Tomatoes rich in vitamin D after genetic modification
LONDON: Vitamin D, also known as the “shining sun” vitamin, is naturally scarce, but genetic technology has now been successful in adding significant amounts of vitamin D to ordinary tomatoes.
When the right amount of sunlight falls on our skin, the production of vitamin D in the body increases.
It is hoped that this will help alleviate vitamin D deficiency in the world’s population. Residents of Europe, including Pakistan, especially women, are severely deficient in vitamin D. In the middle of the age when vitamin D is needed, the deficiency of this important vitamin becomes more common.
Vitamin D deficiency affects the skin, bones and immune system. Even in a dangerous situation, its deficiency can lead to heart disease, diabetes and certain types of cancer.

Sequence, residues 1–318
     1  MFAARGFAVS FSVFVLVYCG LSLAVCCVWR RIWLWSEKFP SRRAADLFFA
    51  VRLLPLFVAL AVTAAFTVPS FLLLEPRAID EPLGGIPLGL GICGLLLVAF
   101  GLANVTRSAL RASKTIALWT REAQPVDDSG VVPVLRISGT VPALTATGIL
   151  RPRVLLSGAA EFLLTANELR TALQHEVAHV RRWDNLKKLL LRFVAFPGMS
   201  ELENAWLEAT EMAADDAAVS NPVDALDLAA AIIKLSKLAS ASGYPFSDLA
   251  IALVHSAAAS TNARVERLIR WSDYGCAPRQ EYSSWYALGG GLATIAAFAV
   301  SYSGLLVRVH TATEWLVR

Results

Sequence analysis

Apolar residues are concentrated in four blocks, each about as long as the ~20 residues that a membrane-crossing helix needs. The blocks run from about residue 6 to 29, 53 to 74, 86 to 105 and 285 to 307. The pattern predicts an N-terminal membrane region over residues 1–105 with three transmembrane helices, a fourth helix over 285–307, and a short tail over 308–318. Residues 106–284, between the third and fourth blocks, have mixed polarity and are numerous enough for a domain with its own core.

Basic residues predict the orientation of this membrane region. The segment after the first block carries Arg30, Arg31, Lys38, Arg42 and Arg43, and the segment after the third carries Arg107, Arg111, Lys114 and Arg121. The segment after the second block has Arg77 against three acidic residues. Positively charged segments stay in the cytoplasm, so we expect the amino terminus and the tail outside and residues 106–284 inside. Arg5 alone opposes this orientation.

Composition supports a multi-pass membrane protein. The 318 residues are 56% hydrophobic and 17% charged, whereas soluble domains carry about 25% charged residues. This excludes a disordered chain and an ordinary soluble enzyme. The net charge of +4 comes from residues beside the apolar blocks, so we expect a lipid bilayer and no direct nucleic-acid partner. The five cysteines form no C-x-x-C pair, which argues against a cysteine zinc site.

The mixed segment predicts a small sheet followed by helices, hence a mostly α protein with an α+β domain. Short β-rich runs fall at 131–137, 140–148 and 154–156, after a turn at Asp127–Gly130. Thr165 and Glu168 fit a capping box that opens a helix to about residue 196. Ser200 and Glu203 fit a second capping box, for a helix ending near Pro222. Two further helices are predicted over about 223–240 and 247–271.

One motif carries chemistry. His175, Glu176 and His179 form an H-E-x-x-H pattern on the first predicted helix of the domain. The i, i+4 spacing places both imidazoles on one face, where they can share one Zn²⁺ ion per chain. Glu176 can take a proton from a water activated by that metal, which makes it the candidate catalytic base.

Dr. Kathy Martin, now a renowned botanist at the University of East Anglia who specializes in cultivating purple tomatoes, says that tomatoes contain the basic elements of vitamin D3, but they are lost when the fruit ripens.
Dr. Cathy has found a way to make vitamin D3 from the basic ingredients of tomatoes using CRISPR-Cas9 gene editing. Thus, tomatoes are rich in vitamin D, and even in plant leaves, vitamin D 3 penetrates. One gram of dried leaves contains 600 micrograms of vitamin D, while a healthy person needs only 10 to 20 micrograms of vitamin daily.
In this way, both the fruit and the leaves of the tomato are filled with invaluable vitamins. In this way, a steady supply of vitamin D3 can be provided worldwide. Experts used an ingredient called 7-DHC, which gave rise to the SL swine DR2 enzyme (enzyme) and thus became vitamin D3 and penetrated into tomatoes.
Interestingly, there has been no change in the tomato plant and production and genetic modification has been successful and promising in every way. However, regular cultivation may take a few years.